W3C home > Mailing lists > Public > www-rdf-comments@w3.org > April to June 1999

Metadata & RDF: intention and reality

From: Angus D Madden <adm@imexis.com>
Date: Mon, 28 Jun 1999 17:30:54 +0700
Message-ID: <000501bec179$5d1c6c60$c20296ca@imexis>
To: <swick@w3.org>
Cc: <www-rdf-comments@w3.org>
The W3C has done a fine job in creating a robust and flexible metadata convention with RDF.  However, I have been searching the W3C archives in order to find works relevant to improving the functionality of metadata, and have yet to locate any.

It is understood that the main weakness of metadata, and specifically META tags, is that they are not used for their intended purpose, i.e. the precise and accurate description of the content of a resource.  After reviewing the work on RDF, I see that RDF fails to address this problem as well.  (Granted, third party reviewing exists in the form of PICS, but this seems limited to restricting offensive material.)

Describing the subject matter of a resource is the primary function of all metadata.  In the RDF Schema Specification, description of the subject matter is limited to the RDF-ization of a Dublin Core 'subject' META tag.  On inspection we see that "... Typically, subject will be expressed as keywords or phrases that describe the subject or content of the resource. The use of controlled vocabularies and formal classification schemes is encouraged."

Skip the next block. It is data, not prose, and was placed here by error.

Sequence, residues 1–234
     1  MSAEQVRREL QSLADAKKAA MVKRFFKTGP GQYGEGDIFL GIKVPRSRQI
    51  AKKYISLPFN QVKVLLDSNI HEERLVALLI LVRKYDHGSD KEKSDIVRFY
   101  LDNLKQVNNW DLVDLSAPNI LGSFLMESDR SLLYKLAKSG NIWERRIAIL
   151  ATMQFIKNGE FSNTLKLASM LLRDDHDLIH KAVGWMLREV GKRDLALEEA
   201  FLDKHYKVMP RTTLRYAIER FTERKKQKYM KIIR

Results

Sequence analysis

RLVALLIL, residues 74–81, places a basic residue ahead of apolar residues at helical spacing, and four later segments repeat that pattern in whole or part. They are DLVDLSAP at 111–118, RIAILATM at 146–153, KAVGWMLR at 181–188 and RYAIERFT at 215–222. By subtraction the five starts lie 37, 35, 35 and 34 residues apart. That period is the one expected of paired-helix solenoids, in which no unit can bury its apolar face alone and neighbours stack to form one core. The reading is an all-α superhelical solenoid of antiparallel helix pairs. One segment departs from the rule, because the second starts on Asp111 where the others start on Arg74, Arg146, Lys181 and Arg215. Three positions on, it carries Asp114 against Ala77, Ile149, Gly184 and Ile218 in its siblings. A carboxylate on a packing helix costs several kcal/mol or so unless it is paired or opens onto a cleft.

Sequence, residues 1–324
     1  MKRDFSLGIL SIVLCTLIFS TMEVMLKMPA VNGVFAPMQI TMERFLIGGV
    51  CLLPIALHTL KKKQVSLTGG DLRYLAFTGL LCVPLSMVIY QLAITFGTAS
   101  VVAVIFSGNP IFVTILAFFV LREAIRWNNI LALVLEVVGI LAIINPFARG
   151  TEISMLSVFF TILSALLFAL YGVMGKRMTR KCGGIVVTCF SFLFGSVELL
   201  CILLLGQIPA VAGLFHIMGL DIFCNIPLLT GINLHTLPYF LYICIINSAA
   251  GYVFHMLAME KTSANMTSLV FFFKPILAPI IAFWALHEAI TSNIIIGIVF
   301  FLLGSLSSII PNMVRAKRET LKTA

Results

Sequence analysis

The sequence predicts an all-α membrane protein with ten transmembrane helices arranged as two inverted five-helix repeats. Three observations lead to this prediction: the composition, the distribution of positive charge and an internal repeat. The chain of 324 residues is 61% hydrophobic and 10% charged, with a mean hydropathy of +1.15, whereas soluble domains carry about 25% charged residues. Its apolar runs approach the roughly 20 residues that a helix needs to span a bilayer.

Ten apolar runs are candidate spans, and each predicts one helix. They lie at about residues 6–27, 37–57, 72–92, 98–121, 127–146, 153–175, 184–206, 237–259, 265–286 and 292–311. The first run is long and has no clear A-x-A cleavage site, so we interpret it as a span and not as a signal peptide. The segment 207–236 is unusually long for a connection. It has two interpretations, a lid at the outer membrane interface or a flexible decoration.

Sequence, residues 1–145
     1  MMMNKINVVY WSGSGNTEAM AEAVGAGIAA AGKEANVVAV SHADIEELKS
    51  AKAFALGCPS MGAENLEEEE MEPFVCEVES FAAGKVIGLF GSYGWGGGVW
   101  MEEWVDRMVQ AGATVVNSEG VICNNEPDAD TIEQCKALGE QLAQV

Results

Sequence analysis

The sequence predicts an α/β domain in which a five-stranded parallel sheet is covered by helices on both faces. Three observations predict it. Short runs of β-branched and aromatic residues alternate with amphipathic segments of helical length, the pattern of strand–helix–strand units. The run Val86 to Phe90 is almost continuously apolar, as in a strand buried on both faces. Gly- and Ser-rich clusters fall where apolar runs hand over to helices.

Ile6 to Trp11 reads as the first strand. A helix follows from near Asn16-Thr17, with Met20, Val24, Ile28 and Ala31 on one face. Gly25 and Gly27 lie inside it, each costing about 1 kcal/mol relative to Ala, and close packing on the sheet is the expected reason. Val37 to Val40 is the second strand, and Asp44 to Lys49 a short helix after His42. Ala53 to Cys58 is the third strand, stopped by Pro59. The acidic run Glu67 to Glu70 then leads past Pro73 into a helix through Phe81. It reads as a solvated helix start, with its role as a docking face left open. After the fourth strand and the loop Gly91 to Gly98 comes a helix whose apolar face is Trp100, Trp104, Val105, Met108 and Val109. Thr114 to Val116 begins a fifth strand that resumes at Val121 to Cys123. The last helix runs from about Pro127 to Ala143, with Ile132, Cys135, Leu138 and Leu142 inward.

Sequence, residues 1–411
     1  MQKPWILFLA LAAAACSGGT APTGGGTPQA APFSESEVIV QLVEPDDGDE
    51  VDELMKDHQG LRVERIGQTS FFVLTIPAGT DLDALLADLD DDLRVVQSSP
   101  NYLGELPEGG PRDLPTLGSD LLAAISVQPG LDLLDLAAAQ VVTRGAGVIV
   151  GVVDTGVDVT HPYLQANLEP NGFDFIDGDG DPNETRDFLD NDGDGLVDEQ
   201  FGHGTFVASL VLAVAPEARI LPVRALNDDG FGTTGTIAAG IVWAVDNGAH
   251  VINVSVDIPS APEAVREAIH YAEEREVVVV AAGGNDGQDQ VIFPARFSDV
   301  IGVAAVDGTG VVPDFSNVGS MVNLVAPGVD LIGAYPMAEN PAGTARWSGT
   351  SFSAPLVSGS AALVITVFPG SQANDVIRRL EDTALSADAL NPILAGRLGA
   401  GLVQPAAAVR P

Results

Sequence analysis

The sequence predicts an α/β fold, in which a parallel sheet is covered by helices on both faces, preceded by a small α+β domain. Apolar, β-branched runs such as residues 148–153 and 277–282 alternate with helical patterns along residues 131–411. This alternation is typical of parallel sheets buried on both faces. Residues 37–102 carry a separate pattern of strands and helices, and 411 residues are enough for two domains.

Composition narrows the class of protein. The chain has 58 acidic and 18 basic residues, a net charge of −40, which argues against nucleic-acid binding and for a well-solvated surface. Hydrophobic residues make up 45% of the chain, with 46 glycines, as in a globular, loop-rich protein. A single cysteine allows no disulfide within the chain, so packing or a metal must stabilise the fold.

I argue that a formal classification scheme should not only be encouraged, but rather made the focus of the entire W3C Metadata Activity.  Otherwise, the work of the activity will be made meaningless by overzealous webmasters.  A classification scheme must be unique, complete and, for lack of a better word, strict.  Of these three, strictness is the most relevant to the success of any metadata schema.  It is the only way to guarantee the accurate description of subject matter.

Conveniently, such schemes already exist in the form of WWW directories like Yahoo! or ODP.  When we reach a specific category in a Web directory, we can be reasonably certain of the content of the resources therein.  Also, if metadata interpreters (e.g. search engines) were to allow only one 'Web Directory Descriptor' per domain, webmaster abuse of the classification scheme would be reduced drastically.

IMEXIS has recently published a proposal for the 'Web Directory Descriptor' at http://imexis.com/projects/wdd/HEMd-WDD.html (Note:  WDD is a work in progress).  If you are interested, please review our proposal and offer any comments or suggestions.

Cheers,

Angus D Madden  (adm@imexis.com)
IMEXIS internet Market Research and Exploration
http://imexis.com
Received on Monday, 28 June 1999 11:17:37 GMT

This archive was generated by hypermail 2.2.0+W3C-0.50 : Friday, 21 September 2012 14:16:26 GMT